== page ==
cently, the method of Bulletin 2 has been used with two 
pairs of cements ground from quick and slow cooled clink- 
ers. Some of the results are shown in Table 9. It is 



-45- 



evident that slew cooling can markedly reduce both 
bleeding rate and bleeding capacity, especially the lat- 
ter. 



Table 9 



Bleeding Rate and Capac 



As Affected b 



Rate of C linker Cooling 
Paired cements are from a given raw mix* 



- 



m 



Cement Clinker 



No. 



Cooling 



Sp. Surface, 
sci cm per gn 
(Turb. Air- 
Method) Permea- 
bility 
Method 



w 



Bleeding Bleeding 

Rat e Capac ity f 
Q x 10° AH f 



14901 
14903 



quick 

slow 



14910 

14912 



quick 
slow 



1640 
1630 

1610 
I64O 



3030 
3070 



O.59 184 
O.59 123 



0.59 
0.59 



184 
109 



0.092 
O.042 

O.065 
0.024 



Calcium Sulfate Retarder 



In Bulletin 2 an increase in the proportion of gyp- 
sum in the cement was shown to have a large effect In 
reducing both bleeding rate and bleeding capacity even 
though the concentration of sulfate in solution did not 
vary much and the specif ic surface (by turbidimeter) was 
maintained practically constant • Subsequent tests have 
supported these findings. A simple explanation can now 
be given as a result of determinations of specific sur- 
face by the air-permeability method. It has been shown 
elsewhere (13) that the ratio of specific surface as de- 
termined by the air-permeability method to that as de- 
termined by the A.S.T.M. turbidimeter increases consis- 
tently with increase in the S0 3 content of the cement. 
Probably the air -permeability method gives the best ac- 
count of the specific surface of the gypsum, since the 



-U6- 



turbidimeter method does not analyze below 7^ microns 
in particle-diameter.* Accordingly, when the specific 
surfaces, as determined by the turbidimeter, appear to 
be the same, the cements containing higher amounts of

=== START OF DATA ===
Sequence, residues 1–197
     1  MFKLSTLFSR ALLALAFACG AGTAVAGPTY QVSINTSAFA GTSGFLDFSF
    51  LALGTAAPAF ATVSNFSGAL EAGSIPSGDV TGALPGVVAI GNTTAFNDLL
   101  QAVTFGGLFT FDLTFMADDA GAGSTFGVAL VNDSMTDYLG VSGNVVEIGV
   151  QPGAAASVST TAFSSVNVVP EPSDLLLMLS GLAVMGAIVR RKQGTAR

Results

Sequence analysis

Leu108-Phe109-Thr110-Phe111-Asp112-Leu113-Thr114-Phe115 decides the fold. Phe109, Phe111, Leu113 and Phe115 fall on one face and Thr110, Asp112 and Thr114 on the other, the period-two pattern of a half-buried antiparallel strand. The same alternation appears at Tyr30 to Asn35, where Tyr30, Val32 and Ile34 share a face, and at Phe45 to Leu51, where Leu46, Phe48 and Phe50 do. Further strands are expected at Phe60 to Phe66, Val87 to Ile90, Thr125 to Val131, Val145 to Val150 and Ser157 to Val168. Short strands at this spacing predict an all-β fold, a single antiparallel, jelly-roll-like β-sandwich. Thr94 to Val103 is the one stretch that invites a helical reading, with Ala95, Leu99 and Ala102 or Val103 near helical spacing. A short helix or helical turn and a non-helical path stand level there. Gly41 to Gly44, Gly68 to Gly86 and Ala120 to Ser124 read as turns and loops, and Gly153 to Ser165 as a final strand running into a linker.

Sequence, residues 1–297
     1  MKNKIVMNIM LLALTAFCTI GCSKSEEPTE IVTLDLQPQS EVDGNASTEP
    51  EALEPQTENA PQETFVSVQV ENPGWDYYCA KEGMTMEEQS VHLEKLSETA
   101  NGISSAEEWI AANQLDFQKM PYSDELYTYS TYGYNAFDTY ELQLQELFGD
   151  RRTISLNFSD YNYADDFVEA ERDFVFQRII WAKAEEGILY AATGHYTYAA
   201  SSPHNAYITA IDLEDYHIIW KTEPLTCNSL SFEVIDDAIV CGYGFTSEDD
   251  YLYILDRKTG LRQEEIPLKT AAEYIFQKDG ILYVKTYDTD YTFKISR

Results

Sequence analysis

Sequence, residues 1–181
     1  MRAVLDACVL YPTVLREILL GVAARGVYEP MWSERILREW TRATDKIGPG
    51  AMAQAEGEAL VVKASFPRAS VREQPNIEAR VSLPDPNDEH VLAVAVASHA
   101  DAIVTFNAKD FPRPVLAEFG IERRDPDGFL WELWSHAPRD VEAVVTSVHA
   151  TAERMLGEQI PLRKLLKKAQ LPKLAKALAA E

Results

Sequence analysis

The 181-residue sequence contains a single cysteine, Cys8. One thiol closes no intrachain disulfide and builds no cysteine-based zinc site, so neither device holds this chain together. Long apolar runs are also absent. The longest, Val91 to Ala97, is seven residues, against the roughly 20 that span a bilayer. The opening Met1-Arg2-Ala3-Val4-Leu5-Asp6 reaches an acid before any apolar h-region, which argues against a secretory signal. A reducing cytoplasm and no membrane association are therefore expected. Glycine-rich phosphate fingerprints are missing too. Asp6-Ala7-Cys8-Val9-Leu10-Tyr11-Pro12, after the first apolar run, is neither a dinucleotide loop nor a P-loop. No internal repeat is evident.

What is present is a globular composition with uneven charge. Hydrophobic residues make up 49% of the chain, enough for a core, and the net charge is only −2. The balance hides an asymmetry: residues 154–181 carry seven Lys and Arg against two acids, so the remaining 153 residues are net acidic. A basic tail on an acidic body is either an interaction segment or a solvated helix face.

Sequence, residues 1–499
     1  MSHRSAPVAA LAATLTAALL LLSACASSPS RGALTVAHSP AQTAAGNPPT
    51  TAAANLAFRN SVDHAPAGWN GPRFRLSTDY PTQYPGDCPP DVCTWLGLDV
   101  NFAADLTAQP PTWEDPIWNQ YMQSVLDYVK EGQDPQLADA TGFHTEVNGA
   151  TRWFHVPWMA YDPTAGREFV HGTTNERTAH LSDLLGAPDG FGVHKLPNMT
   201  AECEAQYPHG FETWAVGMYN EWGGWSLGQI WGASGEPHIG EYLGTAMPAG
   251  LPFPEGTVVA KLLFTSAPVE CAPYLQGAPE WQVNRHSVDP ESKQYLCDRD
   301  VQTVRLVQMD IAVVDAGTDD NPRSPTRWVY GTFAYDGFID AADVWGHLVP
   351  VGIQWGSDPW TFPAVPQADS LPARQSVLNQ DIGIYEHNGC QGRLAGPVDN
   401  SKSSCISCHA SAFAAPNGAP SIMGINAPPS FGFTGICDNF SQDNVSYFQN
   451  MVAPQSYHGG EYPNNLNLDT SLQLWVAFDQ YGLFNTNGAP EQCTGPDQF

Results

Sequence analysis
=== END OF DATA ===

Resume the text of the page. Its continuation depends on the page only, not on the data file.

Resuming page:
gypsum are probably actually finer and show lower val- 
ues of Q and AH 1 for that reason* 



gypsum can 



ir it is partially dehydrated during milling. Lerch (10) 
investigated the effects of such dehydration and found 
that the bleeding capacity was greatly reduced, provided 
the paste was mixed for just 2 minutes. Longer mixing, 
conforming to the method of Bulletin 2, brought the 
bleeding capacity back almost to the same order of mag- 
nitude as was obtained when there was no dehydration. 
Lerch did not study bleeding rate, but more recent tests 
made according to the method of Bulletin 2 indicate that 
the dehydration causes a pronounced reduction in the 
rate. The tests were made on ground clinker, with the 
addition of plain gypsum in one case, and the same gyp- 
sum, partially dehydrated, in the other. The results 
are shown in Table 10. 



In further work, a cement ground in the laboratory 
was compared with a commercial cement that was believed 
to contain dehydrated gypsum. In the laboratory grind, 
some of the same clinker was used and practically the 
same fineness was produced without dehydration of the 
gypsum. The results of bleeding tests, shown in Table 
11, are comparable to those in Table 10. 



"Other factors that affect the accuracy of the turbidi- 
meter analysis are the differences in density and in 
opacity between gypsum and clinker. 



-47- 



In other tests a limestone powder was mixed with 
plain gypsum in one case, and with dehydrated gypsum 
in another. The preparation containing the dehydrated 
gypsum gave much the lowest bleeding rates and bleeding 
capacities. Apparently, pronounced dehydration of the 
gypsum always tends to reduce the bleeding rate. Whethr 
er it reduces the bleeding capacity depends upon the 
mixing schedule, and perhaps upon other circumstances 
also. 



Table 10 



Bleeding Data for Ground Clinker 
No. SBR - 16065 at w « 0.65* 



Bleeding Bleeding 
Retarder Rate / Capacity, 
Q x 10 AH' 

Dehydrated gypsum 204 O.O85